Be Empathetic - Just Listen!

Successful Product Owners embrace the role by understanding the needs of the customers or market segments they represent. It’s not uncommon for Product Owners to actively participate in customer discovery activities, user experience workshops, and other customer-focused exercises to walk in the shoes of their customers. This helps build a stake in the game and ensure they truly understand their customer’s perspectives.

Own the Vision (and the Backlog)

For several reasons, software and delivery teams can become confused about what is desired or expected. This is the Product Owner’s time to shine; By concentrating on the business value opportunities and staying plugged into the organization’s strategic drivers, Product Owners formulate the vision for realizing the business value and translate that vision into achievable outcomes. Delivery teams benefit by having an exact, prioritized list of requirements that encompasses the value target.

Sponsor and Accept

While the Scrum Master protects and supports the team, the Product Owner protects and supports the business value. When delivery teams are ready to demo working software, code, or solutions, it is the Product Owner’s responsibility to accept their work if it meets the customer’s requirements. If target outcomes or deliverables don’t meet, the Product Owner helps steer the delivery teams and provide feedback to get them back on track for the next iteration.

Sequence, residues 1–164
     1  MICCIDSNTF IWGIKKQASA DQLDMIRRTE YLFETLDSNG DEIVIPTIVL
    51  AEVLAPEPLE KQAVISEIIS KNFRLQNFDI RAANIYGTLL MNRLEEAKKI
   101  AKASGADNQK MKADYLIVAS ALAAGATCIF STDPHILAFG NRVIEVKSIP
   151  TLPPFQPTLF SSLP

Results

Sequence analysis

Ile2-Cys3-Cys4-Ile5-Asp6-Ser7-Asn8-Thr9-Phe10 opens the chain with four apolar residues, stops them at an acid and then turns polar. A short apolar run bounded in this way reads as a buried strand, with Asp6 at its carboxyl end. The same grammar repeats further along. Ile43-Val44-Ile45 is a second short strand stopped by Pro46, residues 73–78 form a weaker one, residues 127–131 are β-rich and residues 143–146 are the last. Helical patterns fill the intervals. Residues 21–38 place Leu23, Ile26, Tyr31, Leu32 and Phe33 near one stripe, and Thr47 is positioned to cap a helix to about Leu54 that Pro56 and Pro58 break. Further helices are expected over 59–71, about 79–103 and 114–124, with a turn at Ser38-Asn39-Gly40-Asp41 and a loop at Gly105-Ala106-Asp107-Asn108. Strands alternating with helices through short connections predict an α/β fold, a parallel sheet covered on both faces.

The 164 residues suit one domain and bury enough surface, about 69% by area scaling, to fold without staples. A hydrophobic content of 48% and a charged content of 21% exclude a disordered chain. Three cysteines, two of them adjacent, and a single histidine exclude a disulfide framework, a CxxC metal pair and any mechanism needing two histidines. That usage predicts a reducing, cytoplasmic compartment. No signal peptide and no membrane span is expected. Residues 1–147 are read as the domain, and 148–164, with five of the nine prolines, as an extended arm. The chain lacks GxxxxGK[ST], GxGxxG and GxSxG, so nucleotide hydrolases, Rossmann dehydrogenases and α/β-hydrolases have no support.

Risk vs. Reward

Organizations that do not have dedicated Product Owners risk inconsistent value delivery. Inconsistency can not only impact an organization’s bottom line but the happiness of its customers as well.

While it’s possible for some backend support teams to function without having dedicated Product Ownership, Scrum teams and organizations may lose focus on the real value proposition when delivering software or deploying solutions. Additionally, while organizations can achieve some level of success without formally observing the role, Product Owners are critical to a business's success and organizational agility. Without dedicated Product Owners owning the product visions and representing the customer’s ever-changing needs, fully realizing the benefits of business agility stifle.